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York City residents will get a chance to sharpen their second-language skills with community interaction beginning Saturday, July 14, at the intersection of Princess and Pine streets.

The "I want to be bilingual" project was created by the Princess and Pine Infill Zoning District, a local community organization, to encourage city residents to expand their use of second languages.

The organization formed in January in the neighborhood of Princess and Pine Streets as a "grass roots project initiated by neighborhood residents, business people and property owners for the purpose of improving the neighborhood," according to its Facebook page.

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The program: The program encourages residents to participate in "conversational learning" that can include any language, not just popular languages such as Spanish, said Bob Wood, a member of the Princess and Pine Infill Zoning District and former United Way executive director.

Those interested can purchase buttons at participating neighborhood businesses and wear them in the neighborhood; the button signifies that the individual is willing to practice a second language with another resident in the community.

One button costs $3; two buttons cost $5. Proceeds to go to the Princess and Pine Infill Zoning District.

The rules are simple: Residents wear the button to signify they're willing to practice another language, they speak slowly in conversation, and they do their best to be helpful to those trying to learn a second language.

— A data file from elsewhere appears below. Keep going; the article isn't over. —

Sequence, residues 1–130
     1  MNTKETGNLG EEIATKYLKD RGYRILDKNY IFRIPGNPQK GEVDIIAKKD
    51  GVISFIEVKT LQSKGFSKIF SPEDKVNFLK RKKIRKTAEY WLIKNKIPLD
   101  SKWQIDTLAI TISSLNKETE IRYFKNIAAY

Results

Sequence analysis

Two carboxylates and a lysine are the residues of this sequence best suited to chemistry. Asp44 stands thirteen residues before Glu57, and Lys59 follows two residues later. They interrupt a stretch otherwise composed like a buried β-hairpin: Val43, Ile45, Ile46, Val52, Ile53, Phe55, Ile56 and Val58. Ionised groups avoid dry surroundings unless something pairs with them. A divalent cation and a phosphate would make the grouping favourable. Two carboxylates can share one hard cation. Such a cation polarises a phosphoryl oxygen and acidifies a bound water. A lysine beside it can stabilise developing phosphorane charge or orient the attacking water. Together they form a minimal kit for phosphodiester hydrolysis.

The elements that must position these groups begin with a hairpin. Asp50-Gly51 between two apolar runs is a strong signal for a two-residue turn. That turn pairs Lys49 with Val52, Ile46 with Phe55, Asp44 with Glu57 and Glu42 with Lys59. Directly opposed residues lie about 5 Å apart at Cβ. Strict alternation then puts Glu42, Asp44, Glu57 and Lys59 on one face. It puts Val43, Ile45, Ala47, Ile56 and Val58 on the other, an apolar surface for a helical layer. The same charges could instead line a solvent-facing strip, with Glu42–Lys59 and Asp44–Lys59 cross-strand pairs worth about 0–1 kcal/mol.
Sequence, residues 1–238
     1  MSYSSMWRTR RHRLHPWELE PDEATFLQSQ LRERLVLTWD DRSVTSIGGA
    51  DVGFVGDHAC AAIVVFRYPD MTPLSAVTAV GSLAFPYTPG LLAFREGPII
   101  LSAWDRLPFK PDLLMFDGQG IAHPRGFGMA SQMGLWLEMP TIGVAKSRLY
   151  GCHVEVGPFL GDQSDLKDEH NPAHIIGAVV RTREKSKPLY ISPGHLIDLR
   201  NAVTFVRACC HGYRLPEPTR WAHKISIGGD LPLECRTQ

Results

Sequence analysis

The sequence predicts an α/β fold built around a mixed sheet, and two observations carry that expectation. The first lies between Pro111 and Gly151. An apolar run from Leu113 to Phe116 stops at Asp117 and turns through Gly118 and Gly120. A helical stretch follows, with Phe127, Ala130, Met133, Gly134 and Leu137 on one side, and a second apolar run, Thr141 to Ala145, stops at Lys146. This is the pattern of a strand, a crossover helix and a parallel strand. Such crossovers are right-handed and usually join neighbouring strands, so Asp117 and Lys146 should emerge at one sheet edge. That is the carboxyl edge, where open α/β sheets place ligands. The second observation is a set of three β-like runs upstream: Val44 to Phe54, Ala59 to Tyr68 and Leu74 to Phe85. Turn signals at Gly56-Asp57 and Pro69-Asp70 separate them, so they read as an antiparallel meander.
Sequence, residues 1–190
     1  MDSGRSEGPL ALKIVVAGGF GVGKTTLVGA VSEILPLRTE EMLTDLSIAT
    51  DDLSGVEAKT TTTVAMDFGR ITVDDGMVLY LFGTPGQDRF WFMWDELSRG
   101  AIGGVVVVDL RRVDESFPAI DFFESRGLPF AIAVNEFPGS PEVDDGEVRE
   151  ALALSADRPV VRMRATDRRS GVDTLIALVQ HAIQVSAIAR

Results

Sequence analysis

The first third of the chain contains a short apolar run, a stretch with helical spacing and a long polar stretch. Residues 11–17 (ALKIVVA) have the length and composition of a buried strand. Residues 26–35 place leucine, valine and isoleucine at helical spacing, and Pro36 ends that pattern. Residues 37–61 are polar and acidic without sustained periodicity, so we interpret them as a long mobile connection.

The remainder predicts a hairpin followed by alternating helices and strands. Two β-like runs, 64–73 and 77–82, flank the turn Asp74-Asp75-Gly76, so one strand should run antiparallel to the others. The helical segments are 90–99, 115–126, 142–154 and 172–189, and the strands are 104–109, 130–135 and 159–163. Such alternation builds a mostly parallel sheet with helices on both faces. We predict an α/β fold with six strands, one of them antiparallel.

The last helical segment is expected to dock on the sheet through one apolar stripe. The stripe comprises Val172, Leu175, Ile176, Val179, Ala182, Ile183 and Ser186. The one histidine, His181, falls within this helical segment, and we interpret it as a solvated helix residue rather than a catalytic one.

Businesses also have the opportunity to display a bilingual program welcome sign, which shows that the owner and employees are willing to converse in another language for educational purposes.

The program is intended to continue every day, without any sort of end date, in an attempt to continuously promote language education and community interaction.

However, Princess and Pine Infill Zoning District plans to hold neighborhood garage sales and have food trucks and music on Saturdays, Wood said.

A neighborhood melting pot: Wood said the idea came from a local Spanish teacher who would take her class to El Casero, a Dominican restaurant on 350 E. Princess St., and have the children speak Spanish.

"I thought that was a great idea and that we should turn it into something bigger," he said. "Everyone can benefit from this."

With this initiative, residents can not only learn other languages, they also can better interact with a growing community, he added.

"We want people to see that this is one of the most interesting neighborhoods in the city," Wood said. "We have an older white population, an established black population and an emerging Latino community. We want people to know that the melting pot idea can work."

Promoting a diverse community: Latinos Unidos of York, a local nonprofit Latino advocacy organization, is promoting the program.

The organization's founder, Louis Rivera, said events like these have taken place in the past but are "being promoted a lot more now."

"Social media has been really good in promoting these types of initiatives," he said. "We are promoting what York really looks like, which is a very diverse community."

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Rivera emphasized the need for the community's actions to reflect its diverse population.

"In order for us to have a better community, we need to embrace each other's cultures and languages. It starts with small initiatives like these," he said.

A neighborhood map showing participating businesses can be found on the Princess and Pine Infill Zoning District Facebook page or at participating businesses. Pamphlets with common phrases in Spanish are also available.
 

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